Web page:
ILAC P14 and its implications
Just FYI as this will affect not just the cal labs, but the customers also.
In most of the world's economies (countries), reporting of uncertainty for every calibration is the norm. That has not always been so in the US.
Beginning in the 1950's with MIL-I-9858, then MIL-STD 45662 (and also A) and later ANSI/NCSL Z540-1-1994, and now ANSI/NCSL Z540.3-2006, the near sacred 4:1 (at first) TAR and now TUR was codified. ISO/IEC 17025 (both 1999 and 2005 versions) in Clause 184.108.40.206.b specifially allowed reporting of "an accepted metrological specification" which is what the 4:1 was considered - at least in the US - to be.
ILAC P14 has been issued and the US based accrediting bodies (ABs) have signed on that an accredited calibration (e.g., includes AB logo) must include uncertainty. In truth, the ABs already had that policy and generally enforced it.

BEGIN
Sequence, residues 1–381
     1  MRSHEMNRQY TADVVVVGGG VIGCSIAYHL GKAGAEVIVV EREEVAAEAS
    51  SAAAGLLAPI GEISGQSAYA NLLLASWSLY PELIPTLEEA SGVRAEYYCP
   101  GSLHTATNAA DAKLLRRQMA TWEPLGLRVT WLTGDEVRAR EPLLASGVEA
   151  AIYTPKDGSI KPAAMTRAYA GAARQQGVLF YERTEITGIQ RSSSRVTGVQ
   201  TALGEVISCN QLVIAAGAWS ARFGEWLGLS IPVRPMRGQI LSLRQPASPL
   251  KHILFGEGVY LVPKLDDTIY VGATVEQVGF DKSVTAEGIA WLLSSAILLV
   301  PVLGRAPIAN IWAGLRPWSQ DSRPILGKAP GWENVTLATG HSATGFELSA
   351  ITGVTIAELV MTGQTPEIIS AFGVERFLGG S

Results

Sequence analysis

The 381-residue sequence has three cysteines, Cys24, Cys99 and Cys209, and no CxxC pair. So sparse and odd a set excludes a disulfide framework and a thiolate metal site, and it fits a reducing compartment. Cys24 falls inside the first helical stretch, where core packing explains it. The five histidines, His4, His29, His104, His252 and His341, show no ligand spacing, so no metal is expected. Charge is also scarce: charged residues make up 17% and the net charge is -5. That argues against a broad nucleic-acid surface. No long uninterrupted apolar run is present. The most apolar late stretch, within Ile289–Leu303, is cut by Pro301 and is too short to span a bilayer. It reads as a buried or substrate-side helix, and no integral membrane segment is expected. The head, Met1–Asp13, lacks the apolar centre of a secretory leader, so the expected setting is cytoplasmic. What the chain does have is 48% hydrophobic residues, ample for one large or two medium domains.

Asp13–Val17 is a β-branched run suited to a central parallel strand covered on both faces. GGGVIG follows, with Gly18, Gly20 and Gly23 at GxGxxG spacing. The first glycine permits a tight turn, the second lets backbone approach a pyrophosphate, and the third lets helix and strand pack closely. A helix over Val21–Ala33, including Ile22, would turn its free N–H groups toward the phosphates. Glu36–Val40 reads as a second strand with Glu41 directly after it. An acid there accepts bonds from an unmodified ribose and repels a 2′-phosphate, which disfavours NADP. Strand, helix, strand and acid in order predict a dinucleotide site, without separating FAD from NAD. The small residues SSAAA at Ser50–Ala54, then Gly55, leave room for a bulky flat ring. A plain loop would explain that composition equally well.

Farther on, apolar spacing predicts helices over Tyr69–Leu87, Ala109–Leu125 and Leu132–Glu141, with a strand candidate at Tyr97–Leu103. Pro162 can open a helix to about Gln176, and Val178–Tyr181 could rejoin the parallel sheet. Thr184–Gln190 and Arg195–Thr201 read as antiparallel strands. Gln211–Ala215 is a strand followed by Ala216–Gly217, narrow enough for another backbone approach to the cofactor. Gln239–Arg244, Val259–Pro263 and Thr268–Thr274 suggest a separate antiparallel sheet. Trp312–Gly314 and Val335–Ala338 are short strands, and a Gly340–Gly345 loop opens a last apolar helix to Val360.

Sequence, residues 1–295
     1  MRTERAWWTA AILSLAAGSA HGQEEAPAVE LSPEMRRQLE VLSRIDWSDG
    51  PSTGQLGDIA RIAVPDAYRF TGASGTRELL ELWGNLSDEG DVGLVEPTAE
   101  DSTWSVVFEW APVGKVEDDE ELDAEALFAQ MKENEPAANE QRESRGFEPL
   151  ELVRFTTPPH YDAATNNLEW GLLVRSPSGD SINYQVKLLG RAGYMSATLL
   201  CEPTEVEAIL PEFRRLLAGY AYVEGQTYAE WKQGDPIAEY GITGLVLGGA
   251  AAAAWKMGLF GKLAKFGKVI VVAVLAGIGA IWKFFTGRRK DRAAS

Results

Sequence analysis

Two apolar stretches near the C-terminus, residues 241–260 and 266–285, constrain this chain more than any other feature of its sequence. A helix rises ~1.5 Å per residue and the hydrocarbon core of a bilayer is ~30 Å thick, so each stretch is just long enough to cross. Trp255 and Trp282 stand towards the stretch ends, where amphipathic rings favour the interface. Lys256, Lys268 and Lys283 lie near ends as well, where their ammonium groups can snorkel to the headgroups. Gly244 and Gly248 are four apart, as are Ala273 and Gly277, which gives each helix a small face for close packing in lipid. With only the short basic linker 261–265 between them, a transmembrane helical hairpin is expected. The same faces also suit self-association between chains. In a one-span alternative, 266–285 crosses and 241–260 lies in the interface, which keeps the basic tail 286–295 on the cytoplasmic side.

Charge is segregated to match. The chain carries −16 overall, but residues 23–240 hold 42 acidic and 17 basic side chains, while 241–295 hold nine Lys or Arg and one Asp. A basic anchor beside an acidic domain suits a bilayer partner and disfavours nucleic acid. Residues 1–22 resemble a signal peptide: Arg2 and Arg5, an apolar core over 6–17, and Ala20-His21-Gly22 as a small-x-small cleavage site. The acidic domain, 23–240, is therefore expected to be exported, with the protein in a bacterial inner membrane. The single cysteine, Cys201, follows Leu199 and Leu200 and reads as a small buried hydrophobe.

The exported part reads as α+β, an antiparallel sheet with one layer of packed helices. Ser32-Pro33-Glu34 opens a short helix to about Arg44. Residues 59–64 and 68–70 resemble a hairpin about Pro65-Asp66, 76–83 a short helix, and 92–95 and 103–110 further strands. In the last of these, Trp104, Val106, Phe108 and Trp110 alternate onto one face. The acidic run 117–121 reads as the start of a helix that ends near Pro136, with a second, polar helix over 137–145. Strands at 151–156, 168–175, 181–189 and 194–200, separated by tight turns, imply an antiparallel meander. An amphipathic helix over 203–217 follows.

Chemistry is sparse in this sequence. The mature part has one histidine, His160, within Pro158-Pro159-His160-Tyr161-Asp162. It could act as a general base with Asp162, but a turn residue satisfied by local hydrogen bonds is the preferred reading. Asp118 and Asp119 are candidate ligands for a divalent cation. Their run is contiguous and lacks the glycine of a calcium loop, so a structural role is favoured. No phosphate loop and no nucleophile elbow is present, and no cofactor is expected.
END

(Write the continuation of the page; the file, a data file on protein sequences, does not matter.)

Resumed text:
However, P14 has now formalized that approach. That means if you need a cartificate with the AB logo it will have uncertainty. It does not matter whether you do or don't need the uncertainty for your industry, you will have it. P14 does not state that an accepted metrological specification cannot be stated, only requires that an "accredited" cert have uncertainty.
Often, cal labs and customers do not get the "behind the scenes" information until it hits the streets. Hopefully this is sufficiently advanced so you can plan accordingly.